Review: Magicka 2: Special Edition (PS4)


Title: Magicka 2: Special Edition
Format: PlayStation Network Download (2.1 GB)
Release Date: May 26, 2015
Publisher: Paradox Interactive
Developer: Pieces Interactive
Original MSRP: $19.99 (US), €19.99 (EU), £15.99 (UK)
ESRB Rating: T
PEGI: 16
Magicka 2: Special Edition is also available on PC.
The PlayStation 4 download version was used for this review.
A copy of this game was provided by the publisher for review purposes.
PS Nation Review Policy

Editor’s Note:
Magicka 2: Special Edition comes equipped with the Cultist and Warlord set of robes, weapons, and staffs as well as the Vlad PS4 theme.
Standard Edition Pricing: $14.99 (US), €14.99 (EU), £11.99 (UK)

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Ever since reading most of the Discworld series of books by Terry Pratchett all those years ago I’ve dreamed and imagined what being a wizard would be like. Now quarter of a decade later I get to play a game where I realise those dreams and get to bring some friends along for the journey. My main question is, how hard can it really be?

So begins my journey to become the most powerful wizard mankind has ever seen and no-one can stop me. After a short and amusing introduction I began my first ever game of Magicka 2. I quickly found out that almost everything can and will try to kill my poor little wizard and I fail to last more than five minutes before succumbing to a gruesome death. Luckily there is a training dummy named Timmy with a penchant for physical abuse and some books with the techniques to craft Magick (that isn’t a typo) that teach me about the spells and controls in the game during a prologue chapter.

With the exception of an occasional hidden area, you can’t wander too far off so you’ll simply follow a pretty linear path to the right. The fear of getting lost isn’t high on the dangers list, however, being burned, frozen, drowned, electrocuted, impaled, and knocked into an abyss are among the top dangers and that’s just from my own co-op friends. You can have up to three local or online players join you in the adventure, but more on that later. I wanted to experience the game on my own, as many players don’t like playing with other people.

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The prologue level does a decent job of explaining the controls and spell casting techniques you’ll have to master if you want to get anywhere in this game. I quickly found the levels get significantly harder. I struggled to beat the first level and at times found the experience quite daunting, especially in the first hour or so. It isn’t so much that the enemies are tough but knowing how best to defeat them is something you’ll have to figure out on your own.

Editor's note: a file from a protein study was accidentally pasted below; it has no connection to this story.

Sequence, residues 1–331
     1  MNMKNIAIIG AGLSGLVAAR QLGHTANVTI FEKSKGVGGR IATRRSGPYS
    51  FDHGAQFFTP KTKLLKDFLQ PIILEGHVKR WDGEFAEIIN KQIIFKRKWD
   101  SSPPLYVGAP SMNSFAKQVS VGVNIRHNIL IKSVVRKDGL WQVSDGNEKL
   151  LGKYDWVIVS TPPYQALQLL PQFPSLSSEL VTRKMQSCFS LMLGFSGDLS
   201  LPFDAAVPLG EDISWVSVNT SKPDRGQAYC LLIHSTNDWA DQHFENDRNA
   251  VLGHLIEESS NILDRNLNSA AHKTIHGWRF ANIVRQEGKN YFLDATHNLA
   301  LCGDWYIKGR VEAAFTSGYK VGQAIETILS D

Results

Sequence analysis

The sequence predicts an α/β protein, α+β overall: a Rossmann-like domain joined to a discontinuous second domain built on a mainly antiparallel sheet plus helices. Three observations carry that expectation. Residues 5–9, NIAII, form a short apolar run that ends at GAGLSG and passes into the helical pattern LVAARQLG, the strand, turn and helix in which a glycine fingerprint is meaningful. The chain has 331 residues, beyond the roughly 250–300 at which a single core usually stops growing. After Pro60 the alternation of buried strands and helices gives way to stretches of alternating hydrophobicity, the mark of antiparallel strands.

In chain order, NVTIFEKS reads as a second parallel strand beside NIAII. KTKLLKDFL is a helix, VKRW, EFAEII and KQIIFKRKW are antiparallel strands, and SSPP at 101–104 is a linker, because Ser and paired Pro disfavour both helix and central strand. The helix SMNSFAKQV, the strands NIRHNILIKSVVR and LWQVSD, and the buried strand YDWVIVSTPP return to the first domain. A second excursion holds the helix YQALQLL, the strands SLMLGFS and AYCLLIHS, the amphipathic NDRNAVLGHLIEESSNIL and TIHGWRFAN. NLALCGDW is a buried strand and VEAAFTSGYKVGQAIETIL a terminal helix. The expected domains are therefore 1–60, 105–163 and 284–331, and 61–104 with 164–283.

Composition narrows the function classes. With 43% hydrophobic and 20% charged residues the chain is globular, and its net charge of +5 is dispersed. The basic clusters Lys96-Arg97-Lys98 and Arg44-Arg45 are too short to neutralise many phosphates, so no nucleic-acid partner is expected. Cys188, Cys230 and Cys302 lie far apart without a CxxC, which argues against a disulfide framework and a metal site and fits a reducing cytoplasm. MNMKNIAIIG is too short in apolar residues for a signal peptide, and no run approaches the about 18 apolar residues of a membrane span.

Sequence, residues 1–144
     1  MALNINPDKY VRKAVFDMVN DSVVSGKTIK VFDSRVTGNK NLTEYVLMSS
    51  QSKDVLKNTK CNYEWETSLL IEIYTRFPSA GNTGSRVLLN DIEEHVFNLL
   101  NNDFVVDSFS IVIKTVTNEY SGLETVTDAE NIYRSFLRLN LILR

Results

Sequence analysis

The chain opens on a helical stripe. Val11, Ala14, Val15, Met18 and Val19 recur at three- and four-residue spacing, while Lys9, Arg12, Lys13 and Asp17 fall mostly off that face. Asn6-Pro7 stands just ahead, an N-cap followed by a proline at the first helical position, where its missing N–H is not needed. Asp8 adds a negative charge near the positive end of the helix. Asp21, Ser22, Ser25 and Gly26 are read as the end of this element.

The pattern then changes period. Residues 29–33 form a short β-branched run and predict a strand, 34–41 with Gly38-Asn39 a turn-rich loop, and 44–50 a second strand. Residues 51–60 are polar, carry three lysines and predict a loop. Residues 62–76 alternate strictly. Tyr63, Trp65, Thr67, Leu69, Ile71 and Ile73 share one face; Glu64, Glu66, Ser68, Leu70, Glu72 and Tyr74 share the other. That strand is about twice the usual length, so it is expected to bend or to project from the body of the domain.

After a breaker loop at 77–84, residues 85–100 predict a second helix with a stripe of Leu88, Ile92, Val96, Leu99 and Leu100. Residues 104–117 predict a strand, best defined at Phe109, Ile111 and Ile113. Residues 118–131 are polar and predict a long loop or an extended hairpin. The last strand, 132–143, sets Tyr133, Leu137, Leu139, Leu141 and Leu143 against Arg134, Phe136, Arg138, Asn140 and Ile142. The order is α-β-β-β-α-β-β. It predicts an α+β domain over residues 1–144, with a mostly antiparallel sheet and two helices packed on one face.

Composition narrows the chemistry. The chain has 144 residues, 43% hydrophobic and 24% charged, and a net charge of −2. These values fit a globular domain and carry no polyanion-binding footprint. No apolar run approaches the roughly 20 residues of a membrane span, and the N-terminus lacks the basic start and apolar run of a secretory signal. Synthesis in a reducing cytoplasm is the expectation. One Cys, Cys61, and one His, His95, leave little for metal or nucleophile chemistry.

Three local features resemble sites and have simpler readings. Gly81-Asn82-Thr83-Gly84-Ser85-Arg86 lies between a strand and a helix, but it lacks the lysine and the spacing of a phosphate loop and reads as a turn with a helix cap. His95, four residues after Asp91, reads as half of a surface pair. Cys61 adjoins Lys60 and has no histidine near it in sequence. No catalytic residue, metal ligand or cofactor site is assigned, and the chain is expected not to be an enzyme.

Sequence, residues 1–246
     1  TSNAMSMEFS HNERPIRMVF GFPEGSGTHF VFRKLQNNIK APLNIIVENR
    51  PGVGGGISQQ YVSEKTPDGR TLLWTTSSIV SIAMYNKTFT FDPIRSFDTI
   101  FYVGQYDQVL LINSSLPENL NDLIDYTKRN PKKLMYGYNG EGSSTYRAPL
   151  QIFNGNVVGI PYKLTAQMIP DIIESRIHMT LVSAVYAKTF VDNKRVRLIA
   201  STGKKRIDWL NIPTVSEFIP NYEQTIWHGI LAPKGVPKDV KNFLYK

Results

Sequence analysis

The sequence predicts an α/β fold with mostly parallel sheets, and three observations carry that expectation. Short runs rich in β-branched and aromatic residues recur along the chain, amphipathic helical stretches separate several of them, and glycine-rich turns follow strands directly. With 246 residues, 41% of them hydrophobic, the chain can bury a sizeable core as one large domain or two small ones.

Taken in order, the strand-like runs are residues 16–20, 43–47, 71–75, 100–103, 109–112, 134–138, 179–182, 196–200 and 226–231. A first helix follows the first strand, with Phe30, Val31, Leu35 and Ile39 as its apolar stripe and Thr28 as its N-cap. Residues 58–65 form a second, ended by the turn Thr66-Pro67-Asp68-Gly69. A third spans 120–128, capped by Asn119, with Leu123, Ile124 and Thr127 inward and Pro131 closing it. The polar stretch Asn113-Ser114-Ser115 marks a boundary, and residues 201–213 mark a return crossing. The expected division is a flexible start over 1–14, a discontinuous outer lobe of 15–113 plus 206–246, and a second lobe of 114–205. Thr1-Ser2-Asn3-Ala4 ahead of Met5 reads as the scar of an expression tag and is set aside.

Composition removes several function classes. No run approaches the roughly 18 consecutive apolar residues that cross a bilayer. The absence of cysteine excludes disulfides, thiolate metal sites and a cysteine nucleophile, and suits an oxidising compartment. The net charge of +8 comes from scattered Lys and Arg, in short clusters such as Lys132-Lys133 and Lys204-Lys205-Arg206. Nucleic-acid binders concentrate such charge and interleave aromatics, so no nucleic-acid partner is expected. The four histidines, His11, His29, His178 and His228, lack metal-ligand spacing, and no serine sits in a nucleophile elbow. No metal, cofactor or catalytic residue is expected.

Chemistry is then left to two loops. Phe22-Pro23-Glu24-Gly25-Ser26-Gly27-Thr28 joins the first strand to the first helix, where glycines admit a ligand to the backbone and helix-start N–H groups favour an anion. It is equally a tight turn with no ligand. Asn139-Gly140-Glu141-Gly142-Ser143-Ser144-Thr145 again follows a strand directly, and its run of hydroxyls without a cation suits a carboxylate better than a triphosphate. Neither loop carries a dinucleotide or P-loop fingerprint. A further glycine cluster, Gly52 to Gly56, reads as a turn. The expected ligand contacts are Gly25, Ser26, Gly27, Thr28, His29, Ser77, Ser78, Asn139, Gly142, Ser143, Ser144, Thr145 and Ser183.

As I progressed through the game my confidence grew and my skills at performing various spells got notably better, however the amount of enemies attacking me at any one time also grew along with the types of enemy. It again became frustrating as I was often overwhelmed with enemies such as electrified Orcs and gigantic venomous crabs that ripped my character to shreds.

… Difficulty hurts the single player experience …
I gave up trying to complete the infuriatingly difficult game on my own and restarted the adventure with my wife. Frustration turns into laughter as the odds even out and the onslaught is generally easier to deal with. When a player is killed another player can press down on the directional pad to revive their fallen friend. This means the deaths aren’t so exasperating. My only gripe is that a player will occasionally respawn on the wrong side of a locked gate or right in the middle of a group of enemies making them almost useless.

Difficulty hurts the single player experience a little too much for my liking as does the respawn locations. Regardless of that, I really enjoy this game. Loads of secret areas, collectables, unlockables, and funny moments mean I could play this game over and over again. I laughed out loud at several movie inspired jokes and giggled as I beat an annoying online player to death with a giant carrot.